Teacherpreneurship is a natural and acceptable part of the evolution of education, especially at the postsecondary level and in the digital age
Two of the reasons educators often give for why they became teachers are “helping students” and “learning new things” (Vaux. R. 1999-2013).
In fact, research has shown that professors really do care about students having a successful edventure. These two desires go hand in hand as dedicated faculty work hard to learn more ways to meet students’ needs as well as pursuing their own passion for learning.
In fact, learning along with students, among all of the new opportunities provided especially by e-learning today makes the Digital Age the best time to become a educator. Faculty can choose to instruct a variety of course types online (e.g., traditional or MOOCs), work as instructional design experts, lead innovative new collaborations in education between the government, private, and/or public sectors, create edtech such as learning apps, and other such activities. The options online seem endless, and yes, a teacher could even return to a traditional face-to-face classroom.
Many of us in education have so embraced these opportunities to serve our students and our need for lifelong learning that recently the terms “teacherpreneur” or “edupreneur” were coined to describe us. As education blogger Jennifer Funk explains, these are faculty who are dedicated, knowledgeable, innovative, and driven by “a generosity of spirit” (November 21, 2012). Teacherpreneurs have one foot firmly grounded in instruction as they share their expertise beyond the confines of the traditional brick and mortar institution.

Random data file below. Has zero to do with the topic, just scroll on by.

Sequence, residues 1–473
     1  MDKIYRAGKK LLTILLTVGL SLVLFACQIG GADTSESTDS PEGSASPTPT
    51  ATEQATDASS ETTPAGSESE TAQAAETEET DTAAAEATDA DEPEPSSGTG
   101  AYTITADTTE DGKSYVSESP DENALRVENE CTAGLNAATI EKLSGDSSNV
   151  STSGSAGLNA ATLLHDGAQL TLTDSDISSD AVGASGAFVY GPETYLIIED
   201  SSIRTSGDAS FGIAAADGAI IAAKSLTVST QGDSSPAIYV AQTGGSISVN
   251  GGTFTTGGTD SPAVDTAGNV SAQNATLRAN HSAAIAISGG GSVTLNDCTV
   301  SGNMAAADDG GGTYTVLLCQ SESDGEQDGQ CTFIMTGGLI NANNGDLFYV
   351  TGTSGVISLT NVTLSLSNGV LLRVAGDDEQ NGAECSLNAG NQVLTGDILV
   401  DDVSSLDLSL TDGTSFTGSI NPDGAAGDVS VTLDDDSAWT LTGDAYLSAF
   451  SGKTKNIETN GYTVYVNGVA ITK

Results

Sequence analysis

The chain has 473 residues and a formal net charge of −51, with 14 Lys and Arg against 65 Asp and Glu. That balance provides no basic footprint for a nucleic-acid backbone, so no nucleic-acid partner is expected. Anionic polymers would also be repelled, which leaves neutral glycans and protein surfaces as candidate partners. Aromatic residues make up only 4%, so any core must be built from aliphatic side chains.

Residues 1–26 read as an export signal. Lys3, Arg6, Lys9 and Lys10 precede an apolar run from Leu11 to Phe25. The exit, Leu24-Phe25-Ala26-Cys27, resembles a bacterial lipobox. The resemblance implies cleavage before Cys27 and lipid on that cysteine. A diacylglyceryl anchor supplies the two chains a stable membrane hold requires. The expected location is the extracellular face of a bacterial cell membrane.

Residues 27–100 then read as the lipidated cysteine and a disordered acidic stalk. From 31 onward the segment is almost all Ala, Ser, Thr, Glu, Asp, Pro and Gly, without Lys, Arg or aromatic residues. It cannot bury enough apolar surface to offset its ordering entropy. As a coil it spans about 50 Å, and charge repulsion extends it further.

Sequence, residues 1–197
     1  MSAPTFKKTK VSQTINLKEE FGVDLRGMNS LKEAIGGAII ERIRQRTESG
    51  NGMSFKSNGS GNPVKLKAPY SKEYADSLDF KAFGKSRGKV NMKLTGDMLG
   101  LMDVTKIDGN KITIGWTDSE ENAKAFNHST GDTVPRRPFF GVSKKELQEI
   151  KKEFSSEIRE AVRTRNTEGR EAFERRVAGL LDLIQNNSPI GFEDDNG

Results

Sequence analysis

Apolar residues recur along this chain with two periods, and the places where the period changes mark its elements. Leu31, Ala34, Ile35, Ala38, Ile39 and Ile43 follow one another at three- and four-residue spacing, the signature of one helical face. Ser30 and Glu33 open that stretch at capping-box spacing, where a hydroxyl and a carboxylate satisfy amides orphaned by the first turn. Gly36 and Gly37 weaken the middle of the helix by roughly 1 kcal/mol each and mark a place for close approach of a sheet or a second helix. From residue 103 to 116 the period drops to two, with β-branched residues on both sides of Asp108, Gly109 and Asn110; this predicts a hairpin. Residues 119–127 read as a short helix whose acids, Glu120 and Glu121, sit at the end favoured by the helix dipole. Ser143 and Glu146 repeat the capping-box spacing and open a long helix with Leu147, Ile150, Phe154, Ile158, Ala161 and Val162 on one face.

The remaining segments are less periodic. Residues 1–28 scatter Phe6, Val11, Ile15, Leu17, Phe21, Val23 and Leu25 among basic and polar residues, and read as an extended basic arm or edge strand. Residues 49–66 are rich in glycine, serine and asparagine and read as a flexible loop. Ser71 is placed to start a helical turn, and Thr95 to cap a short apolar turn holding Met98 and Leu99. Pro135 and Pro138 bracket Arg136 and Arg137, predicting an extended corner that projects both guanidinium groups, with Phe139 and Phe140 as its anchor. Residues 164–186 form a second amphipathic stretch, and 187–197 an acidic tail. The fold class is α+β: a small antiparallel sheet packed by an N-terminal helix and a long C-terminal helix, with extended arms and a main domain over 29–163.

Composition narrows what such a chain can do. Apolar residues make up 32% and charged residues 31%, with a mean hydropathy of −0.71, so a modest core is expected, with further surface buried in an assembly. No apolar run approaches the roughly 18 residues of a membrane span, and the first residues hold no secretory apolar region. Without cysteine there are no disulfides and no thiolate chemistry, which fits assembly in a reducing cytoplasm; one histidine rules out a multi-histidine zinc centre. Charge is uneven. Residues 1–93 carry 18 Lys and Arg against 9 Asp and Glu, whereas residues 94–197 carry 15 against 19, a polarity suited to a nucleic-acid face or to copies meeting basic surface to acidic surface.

All of this is truly exciting except for one weakness: Educators tend to feel guilty for moving through opportunities. Recently, when teacherpreneur, Megan Allen, writing for the Center for Teaching Equality, shared how guilty she felt at seeking out and accepting new roles as an educator, I could empathize (14 July 2013). I vividly remember the time I left my first full-time teaching position at an inner city high school after eight years of innovative instruction for a new opportunity.
My students created a giant goodbye card. Amid the colorful well wishes one student wrote in plain pencil: “I hate you for leaving us.” For a few minutes, I hated myself, too, and wondered if I had made the right decision to move on. However, for teacherpreneurs, such as Megan Allen and me, moving on is the right path.
(Next page: 5 reasons to embrace adventure)